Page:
Burgess D. Foster

1. As a veteran, what have you been doing to serve constituents in the 14th Congressional District?

I have been on the ground, in the halls of public affairs, where it matters. When the Detroit City Charter had to be revised in order to make it more responsive, I was there fighting for term limits of up to 12 years so that new leadership from somewhere in Detroit could arise and offer up new ideas about to how to innovate in government and not clog up the system with political players. I also called for a smaller City Council. When the districts were redrawn during the 2010 census, Detroit lost representation in Lansing due to its smaller population size. Term limits and Council size have to be amended in the city Charter and I fought for common-sense change. I have been involved in Detroit Department of Transportation issues, fighting for an amalgamated entity or merger between SMART and DDOT so that bus fare could be lowered creatively while generating more revenue from increased ridership and higher dependability. I have attended Detroit School Board meetings, and I have written over 100 editorial comments in response to the Detroit News online forum.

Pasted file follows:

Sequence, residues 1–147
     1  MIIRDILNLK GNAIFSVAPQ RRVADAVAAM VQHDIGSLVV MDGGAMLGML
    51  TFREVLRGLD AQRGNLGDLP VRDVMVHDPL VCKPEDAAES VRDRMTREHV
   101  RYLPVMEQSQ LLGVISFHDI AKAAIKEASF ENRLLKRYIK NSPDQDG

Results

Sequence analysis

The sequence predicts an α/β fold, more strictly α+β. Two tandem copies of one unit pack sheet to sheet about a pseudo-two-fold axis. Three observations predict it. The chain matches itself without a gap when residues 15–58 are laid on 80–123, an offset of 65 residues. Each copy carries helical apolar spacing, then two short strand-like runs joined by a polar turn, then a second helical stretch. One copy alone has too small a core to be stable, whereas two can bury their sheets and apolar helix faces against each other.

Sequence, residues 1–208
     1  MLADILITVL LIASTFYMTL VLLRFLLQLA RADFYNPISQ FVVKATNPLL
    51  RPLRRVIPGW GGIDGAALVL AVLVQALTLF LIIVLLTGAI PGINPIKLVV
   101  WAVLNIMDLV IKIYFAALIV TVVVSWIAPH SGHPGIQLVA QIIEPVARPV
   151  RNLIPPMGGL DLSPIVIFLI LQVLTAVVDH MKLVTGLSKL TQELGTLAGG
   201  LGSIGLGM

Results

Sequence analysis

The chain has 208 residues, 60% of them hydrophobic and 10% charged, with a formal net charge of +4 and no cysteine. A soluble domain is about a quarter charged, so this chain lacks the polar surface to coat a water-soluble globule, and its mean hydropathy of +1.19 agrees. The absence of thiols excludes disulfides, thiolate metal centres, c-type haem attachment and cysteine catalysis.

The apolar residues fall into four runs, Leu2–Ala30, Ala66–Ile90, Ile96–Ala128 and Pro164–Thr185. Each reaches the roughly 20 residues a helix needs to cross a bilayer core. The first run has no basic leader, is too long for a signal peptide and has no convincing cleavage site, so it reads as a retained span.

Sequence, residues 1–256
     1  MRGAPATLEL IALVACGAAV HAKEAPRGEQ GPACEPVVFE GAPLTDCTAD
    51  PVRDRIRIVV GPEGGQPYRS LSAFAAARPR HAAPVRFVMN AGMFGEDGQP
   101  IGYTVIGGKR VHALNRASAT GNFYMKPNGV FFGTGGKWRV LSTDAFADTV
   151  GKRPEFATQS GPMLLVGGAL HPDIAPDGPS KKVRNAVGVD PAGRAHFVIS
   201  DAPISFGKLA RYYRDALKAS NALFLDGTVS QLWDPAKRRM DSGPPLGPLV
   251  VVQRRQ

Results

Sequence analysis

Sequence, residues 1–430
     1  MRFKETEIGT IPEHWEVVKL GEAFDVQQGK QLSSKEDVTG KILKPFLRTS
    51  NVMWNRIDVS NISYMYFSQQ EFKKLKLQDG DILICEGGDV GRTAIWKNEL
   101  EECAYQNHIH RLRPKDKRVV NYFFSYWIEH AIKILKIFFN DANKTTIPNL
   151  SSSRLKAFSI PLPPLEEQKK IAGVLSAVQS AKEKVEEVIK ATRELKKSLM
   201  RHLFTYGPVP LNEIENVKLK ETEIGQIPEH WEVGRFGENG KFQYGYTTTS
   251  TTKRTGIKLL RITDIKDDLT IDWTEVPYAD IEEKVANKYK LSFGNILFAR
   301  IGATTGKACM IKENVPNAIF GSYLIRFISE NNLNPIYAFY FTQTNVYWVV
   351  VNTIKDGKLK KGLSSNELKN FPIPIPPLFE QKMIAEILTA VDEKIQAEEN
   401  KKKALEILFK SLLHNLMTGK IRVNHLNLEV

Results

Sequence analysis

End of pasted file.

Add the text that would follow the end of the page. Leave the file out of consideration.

2. What do you see as the 3 main priorities for the 14th Congressional District, and what is your plan to move these priorities forward?